Along the side naves, there are stained glass windows which are pretty. I didn’t spend much time taking photographs of them as I only had 24mm as my widest focal length, and it wasn’t enough to really capture the stained glass. But as I walked down the nave towards the apse, I found that the structure holding the stained glass was side lit by the stained glass, and provided some beautiful and abstract photographs.

Moving to the side so that the colored glass windows disappear, one is left with the colored light reflecting off the stone support for the windows. The beautiful colors and angle lends for an abstract sense of the light and colors of the interior of the sanctuary at the Basilica de La Sagrada Familia in Barcelona, Spain.

If one was to head out of the Nave via the Glory Facade (under construction), one meets a large doorway with words of the "Our Father" prayer of Jesus in multiple languages. This doorway is worth the stop to try to capture. Remember, the basilica is full of visitors, and so one must be patient to find a time to be able to get this shot without people posing before the massive doorway.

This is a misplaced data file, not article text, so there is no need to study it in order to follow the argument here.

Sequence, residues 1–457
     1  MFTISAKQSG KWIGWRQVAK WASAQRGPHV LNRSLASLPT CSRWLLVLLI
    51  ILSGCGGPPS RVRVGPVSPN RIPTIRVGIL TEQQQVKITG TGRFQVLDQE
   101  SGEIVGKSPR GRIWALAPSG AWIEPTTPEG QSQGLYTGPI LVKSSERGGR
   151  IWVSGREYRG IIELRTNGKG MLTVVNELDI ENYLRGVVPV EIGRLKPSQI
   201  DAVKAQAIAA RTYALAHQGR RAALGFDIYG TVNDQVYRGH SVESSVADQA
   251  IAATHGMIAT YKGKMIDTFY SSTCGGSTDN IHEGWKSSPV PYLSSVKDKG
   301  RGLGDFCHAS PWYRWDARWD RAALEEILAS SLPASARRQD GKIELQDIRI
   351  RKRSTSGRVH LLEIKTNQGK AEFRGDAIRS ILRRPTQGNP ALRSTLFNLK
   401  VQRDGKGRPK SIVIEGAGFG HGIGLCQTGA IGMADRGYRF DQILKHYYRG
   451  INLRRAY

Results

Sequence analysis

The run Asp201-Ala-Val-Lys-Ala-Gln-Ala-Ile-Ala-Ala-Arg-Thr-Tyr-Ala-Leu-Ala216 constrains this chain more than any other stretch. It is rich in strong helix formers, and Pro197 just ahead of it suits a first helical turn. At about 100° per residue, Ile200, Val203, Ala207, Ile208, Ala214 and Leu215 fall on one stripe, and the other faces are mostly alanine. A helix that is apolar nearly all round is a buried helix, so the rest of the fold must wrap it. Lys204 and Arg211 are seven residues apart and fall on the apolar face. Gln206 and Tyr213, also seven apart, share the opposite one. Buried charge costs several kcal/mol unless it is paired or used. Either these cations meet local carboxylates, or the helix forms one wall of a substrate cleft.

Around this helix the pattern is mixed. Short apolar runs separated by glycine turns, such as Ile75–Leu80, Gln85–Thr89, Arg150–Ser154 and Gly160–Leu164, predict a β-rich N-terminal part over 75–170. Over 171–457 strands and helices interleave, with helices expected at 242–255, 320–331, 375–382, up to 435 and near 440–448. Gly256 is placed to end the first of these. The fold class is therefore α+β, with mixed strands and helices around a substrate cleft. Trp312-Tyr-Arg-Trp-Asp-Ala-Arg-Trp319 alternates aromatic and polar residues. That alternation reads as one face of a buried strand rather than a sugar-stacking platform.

The Our Father door at the Nativity Facade at the Basilica de La Sagrada Familia in Barcelona, Spain.

Outside

As you walk around the basilica, you will find that there are a number of other photographic interests other than the two completed facades. Around the outside of the apse, for instance, there are a number of interesting creatures – lizards and snails and the like – along the exterior support columns that are fun to photograph. Even with the lack of color (the place is a feast of color), you can get some nice looking black and whites.

In a nod to more gothic sensibilities, a lizard is crawling down the side of the building at the Basilica de La Sagrada Familia in Barcelona, Spain.

Photographic Tips

You can easily spend a full day here. There are just that many possibilities for the photographer! Whether it is photographing a scene from one of the two complete facades, or the caps of the towers, the vaults within, or even the doors, there is plenty to photograph.